Before He Was President

Eisenhower by John F. Wukovits

Given that this book is part of the “Great Generals” series, it focuses on Dwight D. Eisenhower’s life in the Army. I found it immediately interesting that Eisenhower did not feel a “calling” to serve in the military. As a young man entering West Point, the main draw seemed to be that he could play football on their team, and that it was a free path to higher education. His hardcore devotion to the Army came later. It was also interesting that Ike did not particularly stand out at West Point— but when he was participating in practical training later in his career, he rose to the top of his class. He excelled at the practical rather than the theoretical. Thank goodness for that. Another bit of information that was new to me: Eisenhower was not sent to Europe during WWI, much to his dismay. So WWII was his first entry into battle. It’s pretty astonishing.

I listened to this book on CD, and the audiobook was OK. The writing is a bit bland, and some of the sentences made me want to argue with their patness. Since I was enjoying learning about Ike, I let it slide, but there were moments when I made a stinkface as I was listening.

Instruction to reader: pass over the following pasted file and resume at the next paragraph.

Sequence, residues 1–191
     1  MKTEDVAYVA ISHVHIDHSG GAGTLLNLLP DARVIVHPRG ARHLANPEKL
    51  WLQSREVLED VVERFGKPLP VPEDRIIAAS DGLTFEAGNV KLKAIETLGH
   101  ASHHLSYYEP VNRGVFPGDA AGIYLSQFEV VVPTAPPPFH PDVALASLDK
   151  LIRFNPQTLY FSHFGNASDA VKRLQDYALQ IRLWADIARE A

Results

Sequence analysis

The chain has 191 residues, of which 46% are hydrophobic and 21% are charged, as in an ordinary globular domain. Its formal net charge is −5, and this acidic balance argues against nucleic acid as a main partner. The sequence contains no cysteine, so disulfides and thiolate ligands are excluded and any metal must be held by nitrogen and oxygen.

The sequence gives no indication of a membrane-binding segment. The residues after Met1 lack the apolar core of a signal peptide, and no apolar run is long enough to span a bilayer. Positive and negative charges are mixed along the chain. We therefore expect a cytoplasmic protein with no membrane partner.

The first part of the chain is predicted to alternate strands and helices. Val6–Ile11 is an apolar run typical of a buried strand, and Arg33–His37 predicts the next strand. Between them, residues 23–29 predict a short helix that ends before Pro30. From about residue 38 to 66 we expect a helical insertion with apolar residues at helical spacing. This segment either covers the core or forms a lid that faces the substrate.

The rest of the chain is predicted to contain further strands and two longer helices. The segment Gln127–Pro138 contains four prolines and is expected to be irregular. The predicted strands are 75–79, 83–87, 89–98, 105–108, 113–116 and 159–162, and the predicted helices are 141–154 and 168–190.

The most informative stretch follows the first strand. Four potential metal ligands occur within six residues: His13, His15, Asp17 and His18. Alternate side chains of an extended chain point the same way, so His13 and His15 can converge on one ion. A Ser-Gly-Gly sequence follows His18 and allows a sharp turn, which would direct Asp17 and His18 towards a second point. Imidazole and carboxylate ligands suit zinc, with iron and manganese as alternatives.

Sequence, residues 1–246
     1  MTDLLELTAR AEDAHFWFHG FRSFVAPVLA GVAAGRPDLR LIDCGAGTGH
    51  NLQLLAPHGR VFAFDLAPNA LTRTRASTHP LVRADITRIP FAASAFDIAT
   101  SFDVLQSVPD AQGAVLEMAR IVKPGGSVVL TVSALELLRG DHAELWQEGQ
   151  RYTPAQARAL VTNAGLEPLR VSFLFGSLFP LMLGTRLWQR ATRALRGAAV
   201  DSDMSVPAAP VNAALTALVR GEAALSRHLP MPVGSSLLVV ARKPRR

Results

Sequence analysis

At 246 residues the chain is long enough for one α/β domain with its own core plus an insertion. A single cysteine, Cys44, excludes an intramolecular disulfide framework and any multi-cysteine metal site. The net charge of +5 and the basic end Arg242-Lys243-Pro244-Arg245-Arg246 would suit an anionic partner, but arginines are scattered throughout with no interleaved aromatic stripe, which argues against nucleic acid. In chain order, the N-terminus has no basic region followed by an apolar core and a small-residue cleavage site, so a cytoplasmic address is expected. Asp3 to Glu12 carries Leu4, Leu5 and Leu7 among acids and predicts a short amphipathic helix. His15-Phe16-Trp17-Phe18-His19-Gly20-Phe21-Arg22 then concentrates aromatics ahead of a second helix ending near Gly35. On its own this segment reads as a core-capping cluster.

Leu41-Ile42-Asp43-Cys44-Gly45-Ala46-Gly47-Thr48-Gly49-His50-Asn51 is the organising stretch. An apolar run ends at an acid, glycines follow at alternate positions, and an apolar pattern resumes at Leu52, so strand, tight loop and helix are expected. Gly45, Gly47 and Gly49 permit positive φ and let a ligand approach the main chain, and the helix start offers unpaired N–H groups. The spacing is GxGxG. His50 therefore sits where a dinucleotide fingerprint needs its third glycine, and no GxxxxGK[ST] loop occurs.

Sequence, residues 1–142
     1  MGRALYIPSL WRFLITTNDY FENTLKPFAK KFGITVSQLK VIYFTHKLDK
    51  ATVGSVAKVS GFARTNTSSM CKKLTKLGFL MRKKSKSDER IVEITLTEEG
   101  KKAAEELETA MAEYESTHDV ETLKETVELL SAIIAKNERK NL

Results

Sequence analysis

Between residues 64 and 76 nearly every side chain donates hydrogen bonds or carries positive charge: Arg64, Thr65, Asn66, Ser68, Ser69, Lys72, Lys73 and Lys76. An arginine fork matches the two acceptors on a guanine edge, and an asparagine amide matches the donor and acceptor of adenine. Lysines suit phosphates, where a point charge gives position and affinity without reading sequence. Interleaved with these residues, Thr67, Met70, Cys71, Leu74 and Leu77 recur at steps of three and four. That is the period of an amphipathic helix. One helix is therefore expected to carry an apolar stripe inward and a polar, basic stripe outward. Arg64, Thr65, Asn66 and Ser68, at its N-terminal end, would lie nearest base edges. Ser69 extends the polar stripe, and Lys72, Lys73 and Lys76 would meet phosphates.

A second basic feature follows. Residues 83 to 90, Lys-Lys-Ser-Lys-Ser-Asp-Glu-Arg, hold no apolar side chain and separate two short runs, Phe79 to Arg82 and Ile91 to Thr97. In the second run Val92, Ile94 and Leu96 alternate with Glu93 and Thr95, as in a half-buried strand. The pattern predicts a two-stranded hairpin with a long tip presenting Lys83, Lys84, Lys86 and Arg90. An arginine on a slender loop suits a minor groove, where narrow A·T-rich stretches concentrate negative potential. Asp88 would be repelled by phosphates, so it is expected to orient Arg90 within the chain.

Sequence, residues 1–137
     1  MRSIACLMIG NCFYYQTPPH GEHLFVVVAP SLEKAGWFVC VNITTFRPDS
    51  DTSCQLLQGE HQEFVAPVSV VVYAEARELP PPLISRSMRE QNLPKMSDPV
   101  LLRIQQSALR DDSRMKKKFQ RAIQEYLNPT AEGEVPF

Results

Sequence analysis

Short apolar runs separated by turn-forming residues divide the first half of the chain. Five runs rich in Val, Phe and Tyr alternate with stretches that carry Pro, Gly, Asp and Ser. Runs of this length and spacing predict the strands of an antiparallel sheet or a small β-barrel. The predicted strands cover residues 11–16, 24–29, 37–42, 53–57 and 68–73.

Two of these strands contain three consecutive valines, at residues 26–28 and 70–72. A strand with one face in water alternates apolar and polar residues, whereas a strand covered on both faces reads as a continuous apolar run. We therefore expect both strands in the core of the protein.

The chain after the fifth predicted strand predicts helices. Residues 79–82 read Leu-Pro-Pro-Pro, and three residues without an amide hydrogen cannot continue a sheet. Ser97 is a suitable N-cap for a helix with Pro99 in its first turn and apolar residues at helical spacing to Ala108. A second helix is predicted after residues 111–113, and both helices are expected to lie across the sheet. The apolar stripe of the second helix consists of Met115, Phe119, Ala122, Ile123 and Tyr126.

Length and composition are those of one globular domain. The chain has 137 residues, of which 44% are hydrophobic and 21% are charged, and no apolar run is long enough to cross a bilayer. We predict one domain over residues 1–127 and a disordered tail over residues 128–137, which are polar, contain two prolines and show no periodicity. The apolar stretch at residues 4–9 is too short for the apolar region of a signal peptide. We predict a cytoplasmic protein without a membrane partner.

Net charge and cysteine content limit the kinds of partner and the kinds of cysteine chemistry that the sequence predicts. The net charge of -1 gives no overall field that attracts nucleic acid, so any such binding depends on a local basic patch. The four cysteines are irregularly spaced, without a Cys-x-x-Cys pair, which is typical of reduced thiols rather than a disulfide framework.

On the plus side, the author excels at giving a clear impression of the challenges Eisenhower faced while serving as supreme commander of the Allied forces— particularly the difficulties of dealing with other generals whose enormous egos created some issues. The author also gives us a look at Ike’s leadership style. Eisenhower believed the troops would perform best if they knew the reasons behind the orders they were given, and he made a point to visit the men and to talk with and listen to them. It seems that this type of interaction benefited both the soldiers and their commander, who said he was inspired and encouraged by his men. When the D-Day invasion was successful, he gave all the credit to the troops; in the press release he prepared in case the invasion did not succeed, he took full personal responsibility for its failure. It makes perfect sense to me that this man would later give the famous “Cross of Iron” speech and that he would conclude his presidency by warning us of the dangers of the military-industrial complex.

The terrific singer/songwriter Peter Mulvey wrote a song called
“Abilene (The Eisenhower Waltz),” which begins with the line “God bless you, Dwight D. Eisenhower…” Yes, indeed.

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